In June 2022 we launched our ‘PAC-UK Consultation – Services for Adopted People’ survey. We wanted to hear directly from adopted people about the services and support they feel is needed. We also want our adopted service users to have more of a voice within PAC-UK (and the wider adoption sector) and so asked about involvement in that too, including views on the events PAC-UK should deliver during National Adoption Week – our PAC-UK National Adoption Week 2022 Events programme can be viewed here.
We were extremely pleased and thankful that a fantastic 392 adopted people completed the survey. Within the survey we also asked about adopted people’s priorities around maintaining relationships with birth family after adoption and 231 responded with comments around this.
Realising the importance of these responses in an under-researched area, we worked with Professor Beth Neil and Cassian Rawcliffe from the University of East Anglia (UEA) on a research briefing which reflects these views. Key findings and recommendations are listed below.
- Wide-spread support for the prioritisation of birth-family relationships
- Adopted people feel their needs around contact are not always prioritised
- Adopted adults need more support
- More open discussion about birth family links is needed
RECOMMENDATIONS FOR POLICY AND PRACTICE:
This study reveals the continuing needs and difficulties faced by adopted adults with regard to birth family contact. The findings suggest a more robust approach to contact planning is needed. This should be informed by a realistic understanding of birth family contact that considers how needs change across the life span. Such an approach requires the following elements:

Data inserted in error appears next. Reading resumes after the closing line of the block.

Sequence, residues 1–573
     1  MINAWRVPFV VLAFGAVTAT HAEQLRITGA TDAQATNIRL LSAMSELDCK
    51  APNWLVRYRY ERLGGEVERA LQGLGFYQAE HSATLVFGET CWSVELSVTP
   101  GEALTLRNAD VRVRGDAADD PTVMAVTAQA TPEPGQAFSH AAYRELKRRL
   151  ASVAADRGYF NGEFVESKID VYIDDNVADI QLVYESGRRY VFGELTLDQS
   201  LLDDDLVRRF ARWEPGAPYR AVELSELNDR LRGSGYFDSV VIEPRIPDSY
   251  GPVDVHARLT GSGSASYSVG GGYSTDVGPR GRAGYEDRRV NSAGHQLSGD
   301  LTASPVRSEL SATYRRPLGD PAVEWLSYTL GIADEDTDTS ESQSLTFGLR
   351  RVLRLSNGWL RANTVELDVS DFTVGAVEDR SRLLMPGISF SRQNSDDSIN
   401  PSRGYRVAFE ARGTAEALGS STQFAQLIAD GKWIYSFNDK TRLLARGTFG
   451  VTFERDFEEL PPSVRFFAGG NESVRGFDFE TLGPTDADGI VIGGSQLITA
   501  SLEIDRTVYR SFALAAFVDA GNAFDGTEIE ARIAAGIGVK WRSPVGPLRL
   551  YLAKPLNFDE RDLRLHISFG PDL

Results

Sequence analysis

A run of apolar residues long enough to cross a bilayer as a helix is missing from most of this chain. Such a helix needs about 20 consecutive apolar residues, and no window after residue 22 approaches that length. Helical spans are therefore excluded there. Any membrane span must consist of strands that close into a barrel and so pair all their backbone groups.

- Robust contact planning
- Practical and emotional support
- Changing the narrative of adoption
“We are at an exciting time of potential change in adoption where questions are being asked about whether the severing of ties with birth family and the consequent secrecy around identity is beneficial to adopted children. The message we are getting for many adopted adults is that it is not.”Mike Hancock, PAC-UK National Strategic Lead
UEA and PAC-UK | October 2022
HOW TO CITE THIS RESEARCH BRIEFING
Rawcliffe, C., Neil, E., Hancock, M. and Elias L. (2022) Maintaining relationships with birth families after adoption: What are Adopted Adults’ Views? Centre for Research on Children and Families Research Briefing; Norwich: University of East Anglia.
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